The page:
Thursday, June 30, 2011


June 30th has come at last and that means an end of additional capital injections by the Fed.  What the discontinuation of quantitative easing measures means is that the Federal Reserve will no longer add additional capital to the liquidity of the global monetary system, although we have been put on notice that the current level of capital will stay there. This means that as treasuries and other assets mature and are repaid, the Federal Reserve will take those proceeds and reinvest them in other bonds, it is important to point out that there won't be new money coming on line under this program. 

Bears argue that the economy and markets are simply being fueled by these overt actions by the Federal Reserve to "goose" the system, and without new rocket propellant to move the market higher and higher, we'll see a collapse without the stimulus for higher stock and asset prices.  We don't know if that is truly the case, but we do know that the Federal Reserve is stuck in a box of its own making.  They have created a "liquidity bubble" that has elevated the price of financial assets and hard assets like commodities near two year highs.  The Fed has also forced treasury rates to historic lows.  Time will tell if these levels can hold.

Beyond asset pricing, QEII serves another purpose.  QE II serves as a way for the US government to manage its interest cost.  By selectively purchasing bonds in the open market the Fed manipulates the overall pricing of bonds to keep interest rates low.  Without QE II in place, what will happen to interest rates?  Look at how TLT (20 Yr Treasury) has performed over the last couple of days in anticipation of lower bond prices.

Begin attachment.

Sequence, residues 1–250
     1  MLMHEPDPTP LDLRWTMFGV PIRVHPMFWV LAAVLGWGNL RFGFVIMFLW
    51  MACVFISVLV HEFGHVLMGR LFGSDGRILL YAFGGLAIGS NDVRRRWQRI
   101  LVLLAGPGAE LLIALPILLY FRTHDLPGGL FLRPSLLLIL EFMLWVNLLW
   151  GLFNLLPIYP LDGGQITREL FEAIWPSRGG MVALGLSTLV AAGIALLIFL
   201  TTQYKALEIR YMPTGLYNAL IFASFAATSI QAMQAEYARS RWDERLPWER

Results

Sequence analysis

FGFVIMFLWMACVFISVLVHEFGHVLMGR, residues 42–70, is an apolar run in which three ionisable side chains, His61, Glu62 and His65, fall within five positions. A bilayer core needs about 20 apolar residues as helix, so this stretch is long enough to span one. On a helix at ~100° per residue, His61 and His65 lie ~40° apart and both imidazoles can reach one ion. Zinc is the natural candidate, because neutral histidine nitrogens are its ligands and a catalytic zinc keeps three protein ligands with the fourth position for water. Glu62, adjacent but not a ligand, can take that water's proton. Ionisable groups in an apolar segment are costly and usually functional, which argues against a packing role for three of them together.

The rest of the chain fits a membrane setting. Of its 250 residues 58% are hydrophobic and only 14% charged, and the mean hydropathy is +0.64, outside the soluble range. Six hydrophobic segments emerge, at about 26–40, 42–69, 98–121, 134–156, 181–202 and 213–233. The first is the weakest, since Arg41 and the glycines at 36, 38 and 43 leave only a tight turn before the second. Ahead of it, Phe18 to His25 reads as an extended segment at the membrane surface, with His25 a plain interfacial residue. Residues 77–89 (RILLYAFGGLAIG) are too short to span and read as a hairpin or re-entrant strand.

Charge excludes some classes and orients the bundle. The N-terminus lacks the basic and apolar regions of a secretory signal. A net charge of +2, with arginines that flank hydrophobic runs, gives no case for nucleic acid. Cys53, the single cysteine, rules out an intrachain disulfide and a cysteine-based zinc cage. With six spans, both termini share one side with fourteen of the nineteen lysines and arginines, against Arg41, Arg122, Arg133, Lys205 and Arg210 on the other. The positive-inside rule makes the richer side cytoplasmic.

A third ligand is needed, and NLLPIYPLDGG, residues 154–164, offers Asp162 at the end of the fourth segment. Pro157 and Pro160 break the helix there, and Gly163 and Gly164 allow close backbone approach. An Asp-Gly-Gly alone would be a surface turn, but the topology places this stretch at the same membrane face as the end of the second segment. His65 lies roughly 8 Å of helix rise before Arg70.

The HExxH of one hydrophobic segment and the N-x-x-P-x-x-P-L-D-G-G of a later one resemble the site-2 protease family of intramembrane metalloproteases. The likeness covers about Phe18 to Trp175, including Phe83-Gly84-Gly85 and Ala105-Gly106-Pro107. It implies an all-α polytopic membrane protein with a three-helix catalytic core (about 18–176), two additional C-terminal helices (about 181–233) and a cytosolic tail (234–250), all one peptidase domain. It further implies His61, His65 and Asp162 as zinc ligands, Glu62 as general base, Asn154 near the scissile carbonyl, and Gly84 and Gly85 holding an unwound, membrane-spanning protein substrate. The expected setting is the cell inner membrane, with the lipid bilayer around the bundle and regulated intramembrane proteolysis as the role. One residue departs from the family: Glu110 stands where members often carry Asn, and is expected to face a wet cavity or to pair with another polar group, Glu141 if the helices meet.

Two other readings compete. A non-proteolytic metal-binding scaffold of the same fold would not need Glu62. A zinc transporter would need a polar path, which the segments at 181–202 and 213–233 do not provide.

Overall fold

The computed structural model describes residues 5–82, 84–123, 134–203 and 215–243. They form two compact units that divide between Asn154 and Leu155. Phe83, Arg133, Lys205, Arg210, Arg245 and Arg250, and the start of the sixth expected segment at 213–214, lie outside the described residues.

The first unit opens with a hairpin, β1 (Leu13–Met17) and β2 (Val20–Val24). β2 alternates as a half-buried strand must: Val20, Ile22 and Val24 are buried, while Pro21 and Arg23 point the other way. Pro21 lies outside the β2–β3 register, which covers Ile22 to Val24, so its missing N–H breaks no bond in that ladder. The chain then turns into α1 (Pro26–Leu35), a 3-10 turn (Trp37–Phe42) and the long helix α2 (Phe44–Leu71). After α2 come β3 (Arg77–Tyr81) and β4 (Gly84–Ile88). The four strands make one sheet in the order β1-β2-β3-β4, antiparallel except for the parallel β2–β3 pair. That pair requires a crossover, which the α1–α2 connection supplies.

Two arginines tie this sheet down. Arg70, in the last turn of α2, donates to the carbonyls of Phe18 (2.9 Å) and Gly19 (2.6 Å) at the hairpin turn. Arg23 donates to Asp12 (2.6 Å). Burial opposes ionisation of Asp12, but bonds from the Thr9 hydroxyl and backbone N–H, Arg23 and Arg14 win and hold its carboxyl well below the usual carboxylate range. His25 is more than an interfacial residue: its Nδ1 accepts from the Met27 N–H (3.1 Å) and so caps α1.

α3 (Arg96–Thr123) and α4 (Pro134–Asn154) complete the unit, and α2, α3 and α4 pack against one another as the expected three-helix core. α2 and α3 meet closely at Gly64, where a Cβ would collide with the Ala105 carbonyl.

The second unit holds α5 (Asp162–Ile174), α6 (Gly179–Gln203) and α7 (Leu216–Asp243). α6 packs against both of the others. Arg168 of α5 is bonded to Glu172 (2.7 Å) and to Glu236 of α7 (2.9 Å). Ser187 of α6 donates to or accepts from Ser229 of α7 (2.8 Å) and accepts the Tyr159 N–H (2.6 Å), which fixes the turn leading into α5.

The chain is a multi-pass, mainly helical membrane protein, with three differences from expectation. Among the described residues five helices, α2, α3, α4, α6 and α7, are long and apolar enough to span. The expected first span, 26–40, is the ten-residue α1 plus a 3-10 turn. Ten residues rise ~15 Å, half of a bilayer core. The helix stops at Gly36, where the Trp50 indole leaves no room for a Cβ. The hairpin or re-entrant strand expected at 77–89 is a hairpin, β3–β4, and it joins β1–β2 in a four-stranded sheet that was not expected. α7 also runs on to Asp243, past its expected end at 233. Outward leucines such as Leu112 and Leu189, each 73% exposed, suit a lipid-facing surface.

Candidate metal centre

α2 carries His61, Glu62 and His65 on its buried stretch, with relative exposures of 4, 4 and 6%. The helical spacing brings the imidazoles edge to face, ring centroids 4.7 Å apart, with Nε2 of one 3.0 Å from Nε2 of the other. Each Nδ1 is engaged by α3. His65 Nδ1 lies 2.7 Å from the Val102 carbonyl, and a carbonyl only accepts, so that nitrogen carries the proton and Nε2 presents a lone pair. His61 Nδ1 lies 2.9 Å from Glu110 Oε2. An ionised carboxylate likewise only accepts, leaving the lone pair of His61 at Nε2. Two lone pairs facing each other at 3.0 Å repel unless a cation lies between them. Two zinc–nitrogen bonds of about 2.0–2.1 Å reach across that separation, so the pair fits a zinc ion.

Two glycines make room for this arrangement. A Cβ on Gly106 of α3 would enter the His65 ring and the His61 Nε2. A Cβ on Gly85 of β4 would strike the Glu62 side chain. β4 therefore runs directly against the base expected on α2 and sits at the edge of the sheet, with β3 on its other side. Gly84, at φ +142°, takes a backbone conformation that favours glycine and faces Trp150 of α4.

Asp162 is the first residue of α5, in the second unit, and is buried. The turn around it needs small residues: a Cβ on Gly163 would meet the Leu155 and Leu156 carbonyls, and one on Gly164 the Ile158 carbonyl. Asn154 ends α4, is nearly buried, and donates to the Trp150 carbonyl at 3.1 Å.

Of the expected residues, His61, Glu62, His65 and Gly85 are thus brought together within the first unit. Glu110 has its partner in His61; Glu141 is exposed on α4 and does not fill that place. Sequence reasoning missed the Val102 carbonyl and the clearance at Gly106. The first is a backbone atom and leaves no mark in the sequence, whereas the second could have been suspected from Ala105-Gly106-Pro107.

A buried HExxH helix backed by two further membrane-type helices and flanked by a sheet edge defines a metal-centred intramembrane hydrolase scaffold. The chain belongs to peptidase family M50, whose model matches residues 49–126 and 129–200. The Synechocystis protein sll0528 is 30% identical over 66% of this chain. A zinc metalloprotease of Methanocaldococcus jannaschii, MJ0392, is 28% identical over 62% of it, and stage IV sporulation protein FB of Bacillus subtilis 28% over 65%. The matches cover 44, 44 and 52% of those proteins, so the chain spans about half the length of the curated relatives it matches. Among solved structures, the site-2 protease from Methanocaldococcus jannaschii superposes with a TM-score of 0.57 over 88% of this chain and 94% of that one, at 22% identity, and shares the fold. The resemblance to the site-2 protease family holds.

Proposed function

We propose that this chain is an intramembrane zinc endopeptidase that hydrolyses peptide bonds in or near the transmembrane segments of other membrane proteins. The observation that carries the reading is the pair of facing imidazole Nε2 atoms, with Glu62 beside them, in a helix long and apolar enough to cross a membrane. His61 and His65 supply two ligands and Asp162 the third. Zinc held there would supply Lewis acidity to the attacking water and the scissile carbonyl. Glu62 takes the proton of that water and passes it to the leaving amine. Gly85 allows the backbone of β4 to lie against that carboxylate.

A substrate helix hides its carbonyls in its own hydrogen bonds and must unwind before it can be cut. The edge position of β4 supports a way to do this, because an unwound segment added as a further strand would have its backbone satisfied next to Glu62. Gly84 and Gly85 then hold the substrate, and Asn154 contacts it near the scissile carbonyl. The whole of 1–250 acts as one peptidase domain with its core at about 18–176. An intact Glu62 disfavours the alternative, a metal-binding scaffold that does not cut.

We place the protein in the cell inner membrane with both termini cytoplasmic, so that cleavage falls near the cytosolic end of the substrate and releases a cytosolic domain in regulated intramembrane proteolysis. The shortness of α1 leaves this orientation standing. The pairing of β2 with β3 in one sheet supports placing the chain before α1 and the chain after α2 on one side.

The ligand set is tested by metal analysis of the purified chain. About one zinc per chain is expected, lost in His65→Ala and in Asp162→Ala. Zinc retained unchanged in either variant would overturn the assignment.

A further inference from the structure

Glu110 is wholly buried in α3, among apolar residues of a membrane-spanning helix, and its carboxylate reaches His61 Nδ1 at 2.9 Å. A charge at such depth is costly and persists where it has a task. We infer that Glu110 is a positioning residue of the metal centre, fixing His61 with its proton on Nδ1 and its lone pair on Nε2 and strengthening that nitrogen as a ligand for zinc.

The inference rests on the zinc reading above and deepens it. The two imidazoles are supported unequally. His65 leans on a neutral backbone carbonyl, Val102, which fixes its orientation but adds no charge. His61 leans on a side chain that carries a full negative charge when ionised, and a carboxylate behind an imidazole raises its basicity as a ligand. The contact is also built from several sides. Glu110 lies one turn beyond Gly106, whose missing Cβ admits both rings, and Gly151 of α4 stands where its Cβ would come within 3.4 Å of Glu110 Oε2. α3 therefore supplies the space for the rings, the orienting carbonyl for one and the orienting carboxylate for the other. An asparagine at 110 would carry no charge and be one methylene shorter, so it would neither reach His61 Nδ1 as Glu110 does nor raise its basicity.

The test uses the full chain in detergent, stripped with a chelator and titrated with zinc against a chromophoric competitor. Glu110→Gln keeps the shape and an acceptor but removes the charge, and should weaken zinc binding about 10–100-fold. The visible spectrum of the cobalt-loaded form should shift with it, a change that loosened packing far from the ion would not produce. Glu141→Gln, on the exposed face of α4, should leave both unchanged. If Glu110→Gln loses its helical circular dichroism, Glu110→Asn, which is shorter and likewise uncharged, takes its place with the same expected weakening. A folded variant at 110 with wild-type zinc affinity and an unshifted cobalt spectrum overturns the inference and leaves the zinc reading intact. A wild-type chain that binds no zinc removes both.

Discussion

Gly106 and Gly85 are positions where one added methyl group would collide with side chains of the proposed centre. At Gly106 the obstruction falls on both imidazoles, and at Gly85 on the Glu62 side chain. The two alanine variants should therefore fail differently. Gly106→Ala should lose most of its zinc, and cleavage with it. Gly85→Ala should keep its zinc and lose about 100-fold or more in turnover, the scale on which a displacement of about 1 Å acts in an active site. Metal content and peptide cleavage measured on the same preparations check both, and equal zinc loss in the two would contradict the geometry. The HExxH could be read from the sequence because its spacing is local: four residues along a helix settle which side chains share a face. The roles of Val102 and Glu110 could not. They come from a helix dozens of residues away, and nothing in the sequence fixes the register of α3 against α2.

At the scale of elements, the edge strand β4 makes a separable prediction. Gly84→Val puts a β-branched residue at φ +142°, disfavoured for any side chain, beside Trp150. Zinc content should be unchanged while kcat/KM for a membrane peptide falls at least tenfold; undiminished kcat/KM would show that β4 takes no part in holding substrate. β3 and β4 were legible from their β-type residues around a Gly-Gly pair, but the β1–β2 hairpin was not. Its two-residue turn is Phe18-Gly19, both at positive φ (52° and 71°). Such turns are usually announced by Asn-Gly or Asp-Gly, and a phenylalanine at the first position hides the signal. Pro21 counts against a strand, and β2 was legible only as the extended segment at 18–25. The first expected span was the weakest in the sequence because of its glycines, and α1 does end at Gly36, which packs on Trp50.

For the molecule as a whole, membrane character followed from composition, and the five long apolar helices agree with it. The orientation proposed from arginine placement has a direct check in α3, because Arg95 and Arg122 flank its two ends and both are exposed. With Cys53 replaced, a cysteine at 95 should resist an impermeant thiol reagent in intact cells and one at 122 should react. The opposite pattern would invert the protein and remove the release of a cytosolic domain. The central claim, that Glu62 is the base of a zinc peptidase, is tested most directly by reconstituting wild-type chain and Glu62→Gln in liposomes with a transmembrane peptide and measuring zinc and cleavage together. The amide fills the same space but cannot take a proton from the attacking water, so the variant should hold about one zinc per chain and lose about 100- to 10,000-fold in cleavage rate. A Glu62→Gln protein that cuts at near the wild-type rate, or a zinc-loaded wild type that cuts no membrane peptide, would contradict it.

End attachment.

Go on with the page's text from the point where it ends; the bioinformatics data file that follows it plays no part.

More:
TLT (100 Day)

I grew up in the great days of boxing in the mid 70's and early 80's.  Some of my most memorable childhood memories involved watching boxing with my Step-Father.  I recall going to see many local boxing matches which included Olympian superstars.  Remember Sugar Ray Leonard, Marvin Haggler, and Larry Holmes?  These were greats that I grew up watching.  After years of being a boxing fan, one thing is clear, boxers never really retire.  If the paycheck is large enough or economic conditions of the fighter bad enough, they always have one more fight left.  In a similar way, QE has been so successful in achieving its goals that the Fed must see it as one of their greatest instruments to combat deflation.  While QE I and QE II sport amazing records and their heydays are past, they may be called up to fight another match in the near future.

If Treasury bond prices move significantly lower (yields higher) or stock markets fall appreciably we will absolutely see a return of QE.  While the Fed has many remaining tricks up their sleeve, QE is one that has immediate results.  QE is truly one of their favorites.  As a market participant that feels strongly that the invisible hand of government should get out of the stock markets I am not sad to see QE go.  Unfortunately I can say with great confidence that QE will be back for at least one more bout; great fighters never go gracefully.

Photo by Cliff1066 -


Goatmug is an investor that cares about you and your family. Goatmug's Blog - Financial Perspectives From The Mountain Top is a collection of thoughts on our economy and how it impacts the lives of investors and average people. While several specific investments are named in many of his posts, these articles are simply invitations for you to do your own research and reference to these securities does not constitute financial advice. Your situation is complex and unique and you should seek professional assistance with your trading and investing. Please visit Goatmug and share your comments at